Ian Swift

Ian Swift
Ian Swift

IS:  It’s so true, with acting; it doesn’t matter whether you are an extrovert or an introvert.  Even if you are an introvert you can be a very good actor, because you can hide behind that character.  I was an introvert most of my high school and college life as I recall, very quiet and kept to myself, but when I was on the stage I felt that I came alive, and I think that is true for a lot of actors.

EH:  What is it that is unique about theater?

IS:  I think it’s something you don’t do by yourself; it’s something that you have to involve others in.  Even if you are doing a one man show, you still have a producer, a light crew, sound, whatever.  It’s a team effort.  It’s unique in that respect.  It is a team sport.  With painting, composing, writing, it’s a solo thing.

What goes into theater is extraordinary.  You come together to do a play, and it’s like a bunch of folks put on an elevator. And the elevator gets stuck. And you are with these human beings for a very intense period of time, for five or six weeks of rehearsal.   You see them almost on a daily basis. Theater also calls for putting yourself in a vulnerable position.  Otherwise I don’t think it makes for a good actor.  And so here you are out there beating your chest, screaming, writhing on the floor, trying to be funny, trying to be sad, and emoting with your other fellow actors all around you.   It’s a very insecure business.  I Think actors are very insecure people. Maybe it’s because we feel we need to have the roles to support our persona, I don’t know.  (Yes, Dr. Freud, I’ll be right with you.)   And then you spend some very intense time together.  And you make all these wonderful vows, “Let’s do lunch; let’s have dinner after the show is over.”  And then the show opens. And again like this teamwork, there is this terrific camaraderie.  And then there are the cast parties; there is a real uniqueness, and connection and camaraderie at cast parties, and the actors are intensely involved with one another.  And then after this incredible experience, good and bad, it’s over.  And many times you never see these actors again, in some cases you do.  So there is really this intense time, which I think is so unique to theater.  You all come together, the rehearsal process, you have the tension of the opening; you have the run, and then it all ends, and poof.  And then a lot of actors move on to the next thing.  You always wonder what happened to so-and-so.  So I think that’s unique to theater.  There really is this incredible intensity that you share, that you come together with, under, during, and then it’s all over.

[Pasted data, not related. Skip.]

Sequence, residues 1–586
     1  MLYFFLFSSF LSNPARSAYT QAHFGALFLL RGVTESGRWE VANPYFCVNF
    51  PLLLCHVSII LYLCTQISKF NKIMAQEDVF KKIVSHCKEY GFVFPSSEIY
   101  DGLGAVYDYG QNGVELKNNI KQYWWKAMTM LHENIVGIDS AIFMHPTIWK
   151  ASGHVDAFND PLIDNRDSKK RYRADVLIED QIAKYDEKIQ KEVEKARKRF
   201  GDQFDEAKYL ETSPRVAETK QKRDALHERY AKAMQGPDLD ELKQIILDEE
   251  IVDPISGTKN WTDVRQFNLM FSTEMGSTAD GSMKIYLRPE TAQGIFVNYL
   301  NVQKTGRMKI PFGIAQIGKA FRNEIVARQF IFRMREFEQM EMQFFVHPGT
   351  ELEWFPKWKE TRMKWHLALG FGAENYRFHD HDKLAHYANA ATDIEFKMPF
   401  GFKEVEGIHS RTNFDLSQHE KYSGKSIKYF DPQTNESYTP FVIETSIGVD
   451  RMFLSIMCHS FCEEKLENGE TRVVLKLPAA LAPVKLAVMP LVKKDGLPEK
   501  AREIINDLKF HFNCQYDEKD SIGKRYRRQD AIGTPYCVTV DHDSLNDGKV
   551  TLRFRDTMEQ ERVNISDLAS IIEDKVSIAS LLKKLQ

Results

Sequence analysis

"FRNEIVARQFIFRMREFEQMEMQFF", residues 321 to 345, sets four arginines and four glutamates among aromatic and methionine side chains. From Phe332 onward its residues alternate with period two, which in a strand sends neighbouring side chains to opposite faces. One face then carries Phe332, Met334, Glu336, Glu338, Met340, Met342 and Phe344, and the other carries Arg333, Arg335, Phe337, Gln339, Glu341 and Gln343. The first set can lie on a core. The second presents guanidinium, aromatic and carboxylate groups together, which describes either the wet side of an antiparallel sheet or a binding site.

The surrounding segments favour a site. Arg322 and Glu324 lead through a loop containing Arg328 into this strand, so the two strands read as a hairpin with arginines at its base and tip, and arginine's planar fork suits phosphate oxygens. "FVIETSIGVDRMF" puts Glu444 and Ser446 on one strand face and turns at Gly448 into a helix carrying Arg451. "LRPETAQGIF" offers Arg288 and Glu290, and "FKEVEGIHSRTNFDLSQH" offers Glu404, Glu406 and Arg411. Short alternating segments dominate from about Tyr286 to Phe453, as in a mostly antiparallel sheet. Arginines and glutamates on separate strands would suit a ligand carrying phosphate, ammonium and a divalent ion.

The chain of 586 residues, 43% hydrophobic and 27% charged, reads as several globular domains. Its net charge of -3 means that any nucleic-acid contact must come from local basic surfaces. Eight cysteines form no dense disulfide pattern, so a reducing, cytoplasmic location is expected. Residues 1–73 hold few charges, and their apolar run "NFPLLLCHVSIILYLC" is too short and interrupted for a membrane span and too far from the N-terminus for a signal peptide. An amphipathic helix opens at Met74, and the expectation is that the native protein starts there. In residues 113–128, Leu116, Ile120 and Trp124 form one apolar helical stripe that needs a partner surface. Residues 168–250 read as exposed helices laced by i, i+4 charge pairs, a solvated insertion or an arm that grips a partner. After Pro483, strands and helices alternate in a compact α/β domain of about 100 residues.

I find that directors like to work with a lot of the same people.  I it’s very difficult for a director where he or she knows all these fellow actors and has to make these of difficult choices when they casting and have to make a lot of difficult choices.  It’s not personal; it’s just an artistic choice.  It happens everywhere.

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